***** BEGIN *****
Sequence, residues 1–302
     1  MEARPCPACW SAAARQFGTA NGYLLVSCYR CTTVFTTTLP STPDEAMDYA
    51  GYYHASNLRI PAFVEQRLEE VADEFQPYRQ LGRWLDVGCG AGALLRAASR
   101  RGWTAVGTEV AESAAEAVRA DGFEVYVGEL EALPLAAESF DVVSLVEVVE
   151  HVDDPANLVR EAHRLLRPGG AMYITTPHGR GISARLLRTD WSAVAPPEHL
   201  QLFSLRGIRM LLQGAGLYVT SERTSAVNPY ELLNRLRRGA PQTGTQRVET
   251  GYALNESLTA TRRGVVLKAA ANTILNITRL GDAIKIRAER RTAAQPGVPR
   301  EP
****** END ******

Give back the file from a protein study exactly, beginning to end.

Sequence, residues 1–302
     1  MEARPCPACW SAAARQFGTA NGYLLVSCYR CTTVFTTTLP STPDEAMDYA
    51  GYYHASNLRI PAFVEQRLEE VADEFQPYRQ LGRWLDVGCG AGALLRAASR
   101  RGWTAVGTEV AESAAEAVRA DGFEVYVGEL EALPLAAESF DVVSLVEVVE
   151  HVDDPANLVR EAHRLLRPGG AMYITTPHGR GISARLLRTD WSAVAPPEHL
   201  QLFSLRGIRM LLQGAGLYVT SERTSAVNPY ELLNRLRRGA PQTGTQRVET
   251  GYALNESLTA TRRGVVLKAA ANTILNITRL GDAIKIRAER RTAAQPGVPR
   301  EP